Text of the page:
American Canine Association


English Foxhound


Many may be surprised to know that the English Foxhound was developed in the 1950's by crossing different hound bloodlines with the Bulldog, Greyhound and Fox Terrier bloodlines. This breed was used to hunt foxes and was used to hunting in packs with other English Foxhounds alongside of their owners, typically on horseback. Today, there are still fox hunts that take place reenacting these from history, as well as the English Foxhounds being companions, watchdogs and dogs of tracking and obedience competitions.


The English Foxhound is a large breed dog that is built long, tall and lean. Males and females generally measure 21-25 inches in height and weigh 65-70 pounds in weight. This breed has a wedge shaped head that is rounded off on top, forming into a rectangular muzzle and scissor bite. Their two, extra large ears are pendant shaped and fall gently alongside of their face. The English Foxhound has two, large round eyes available in a light hazel to black in color. Their tail is long, thin and carried very tall. Their four legs are tall and thin. They have a single layer, short hair coat that is tight to their skin and available in tricolor of black, tan and white or bi color combination of any of these three colors.


The English Foxhound truly requires an active, knowledgeable, consistent owner who is confident and firm with rules and boundaries within the home; providing proper mental and physical daily exercise and only using positive reinforcement training methods. This breed is very loving, loyal, affectionate and friendly with humans. However, the English Foxhound still has many natural instincts and we do not recommend a home with small animals or cats. This breed generally enjoys the company of other dogs, and is wonderful with children of all ages that he or she is exposed to while growing up. This breed is wonderful with training, and really does want to listen to his or her owner. This breed will not be happy and well behaved indoors if he or she is not receiving the proper amount of physical and mental exercise daily; this amount can vary per individual dog as well. This breed is a wonderful breed to add to your family if you are a hunter, active outdoors person, or someone who is able to meet this breeds needs.


This breed requires a daily brush or wipe down and bathing when needed. This breed does shed.

Special Notes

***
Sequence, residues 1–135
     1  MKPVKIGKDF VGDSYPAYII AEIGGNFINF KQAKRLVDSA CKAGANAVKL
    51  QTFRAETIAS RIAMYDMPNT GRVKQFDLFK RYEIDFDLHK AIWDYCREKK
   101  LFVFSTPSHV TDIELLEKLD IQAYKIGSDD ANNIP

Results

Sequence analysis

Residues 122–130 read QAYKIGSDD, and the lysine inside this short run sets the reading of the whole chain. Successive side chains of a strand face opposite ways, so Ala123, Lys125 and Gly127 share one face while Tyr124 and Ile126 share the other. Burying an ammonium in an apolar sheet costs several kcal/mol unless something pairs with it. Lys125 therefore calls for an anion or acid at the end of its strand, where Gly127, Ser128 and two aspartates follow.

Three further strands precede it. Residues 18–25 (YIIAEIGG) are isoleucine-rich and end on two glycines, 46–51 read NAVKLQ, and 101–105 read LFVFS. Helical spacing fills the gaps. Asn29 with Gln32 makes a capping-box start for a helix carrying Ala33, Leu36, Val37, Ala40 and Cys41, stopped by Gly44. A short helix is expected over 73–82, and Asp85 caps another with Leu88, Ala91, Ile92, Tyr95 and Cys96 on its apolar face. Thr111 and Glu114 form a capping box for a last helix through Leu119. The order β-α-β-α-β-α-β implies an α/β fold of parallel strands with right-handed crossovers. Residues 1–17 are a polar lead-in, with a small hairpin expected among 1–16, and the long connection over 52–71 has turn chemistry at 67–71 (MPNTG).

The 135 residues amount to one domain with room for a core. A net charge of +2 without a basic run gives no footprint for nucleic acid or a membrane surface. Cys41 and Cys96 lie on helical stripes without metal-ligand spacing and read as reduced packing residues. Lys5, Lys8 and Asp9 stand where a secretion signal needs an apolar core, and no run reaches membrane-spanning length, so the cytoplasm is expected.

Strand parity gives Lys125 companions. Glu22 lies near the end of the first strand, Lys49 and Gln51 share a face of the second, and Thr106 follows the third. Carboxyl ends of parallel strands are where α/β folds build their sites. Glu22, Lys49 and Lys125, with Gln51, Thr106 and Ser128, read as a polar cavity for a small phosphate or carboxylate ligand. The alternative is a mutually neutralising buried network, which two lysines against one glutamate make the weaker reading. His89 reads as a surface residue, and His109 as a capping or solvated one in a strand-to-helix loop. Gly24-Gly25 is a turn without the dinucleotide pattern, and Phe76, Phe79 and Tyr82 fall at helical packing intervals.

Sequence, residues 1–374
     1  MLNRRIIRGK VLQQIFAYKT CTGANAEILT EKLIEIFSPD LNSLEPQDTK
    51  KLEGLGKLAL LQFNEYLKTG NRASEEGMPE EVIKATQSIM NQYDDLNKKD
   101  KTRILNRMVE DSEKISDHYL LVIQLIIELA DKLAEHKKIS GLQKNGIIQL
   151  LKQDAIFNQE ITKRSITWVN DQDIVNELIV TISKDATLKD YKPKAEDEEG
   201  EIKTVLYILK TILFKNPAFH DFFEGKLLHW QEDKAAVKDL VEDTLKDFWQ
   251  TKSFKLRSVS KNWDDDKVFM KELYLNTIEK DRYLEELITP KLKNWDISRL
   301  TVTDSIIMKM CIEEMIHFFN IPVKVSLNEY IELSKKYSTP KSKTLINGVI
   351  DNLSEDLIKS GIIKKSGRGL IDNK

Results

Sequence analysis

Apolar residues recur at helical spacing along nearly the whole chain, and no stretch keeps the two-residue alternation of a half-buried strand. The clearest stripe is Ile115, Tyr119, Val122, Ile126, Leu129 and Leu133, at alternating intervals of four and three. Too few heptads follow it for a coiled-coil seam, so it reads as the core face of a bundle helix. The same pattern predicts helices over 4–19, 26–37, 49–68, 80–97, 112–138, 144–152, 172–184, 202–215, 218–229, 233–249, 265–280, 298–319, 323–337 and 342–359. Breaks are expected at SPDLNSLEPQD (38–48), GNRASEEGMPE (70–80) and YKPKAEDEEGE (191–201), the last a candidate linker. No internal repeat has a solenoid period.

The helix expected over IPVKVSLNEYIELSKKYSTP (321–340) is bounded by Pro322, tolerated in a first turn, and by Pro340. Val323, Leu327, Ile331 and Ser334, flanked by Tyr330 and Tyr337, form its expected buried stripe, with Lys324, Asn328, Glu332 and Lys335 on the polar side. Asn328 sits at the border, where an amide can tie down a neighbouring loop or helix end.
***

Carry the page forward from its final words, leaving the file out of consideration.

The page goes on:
Please note that this breed is not meant for everyone and really requires a great deal of physical and mental exercise daily to be happy. A properly fenced in yard is required for the English Foxhound to prevent them from following scent, chasing small animals or wandering and running away. Please fully educate yourself about the English Foxhound prior to adding one to your family to ensure you are able to make a life long commitment both physically and financially to your new family member. All dogs originate from wolves (Canis Lupus). Each breed of dog was originally created by mixing different breeds together in an effort to bring forth certain characteristics. Once a breeder has created acceptable “breed characteristics” within their bloodline and these “breed characteristics” have shown to be reliably reproduced in the offspring for three (3) generations, the bloodline may be upgraded from the category of “foundation stock” to “pure-bred”. The same “pure-bred” breed standards vary from different continents, countries, territories, regions, breed clubs, and canine pure-breed registries depending on the goals of their breeders. Dog DNA testing companies can have accurate results for a specific bloodline of a small colony of dogs. However, there are tens of thousands of different bloodlines in the world which have not yet been tested for marker baseline results by Dog DNA testing companies as of 2017. For this reason Dog DNA testing companies do not guarantee the 100% accuracy of their breed lineage results and will also show different marker results for the same pure-bred breed in different continents, countries, territories, regions, breed clubs, and canine pure-breed registries depending on the goals of their breeders.

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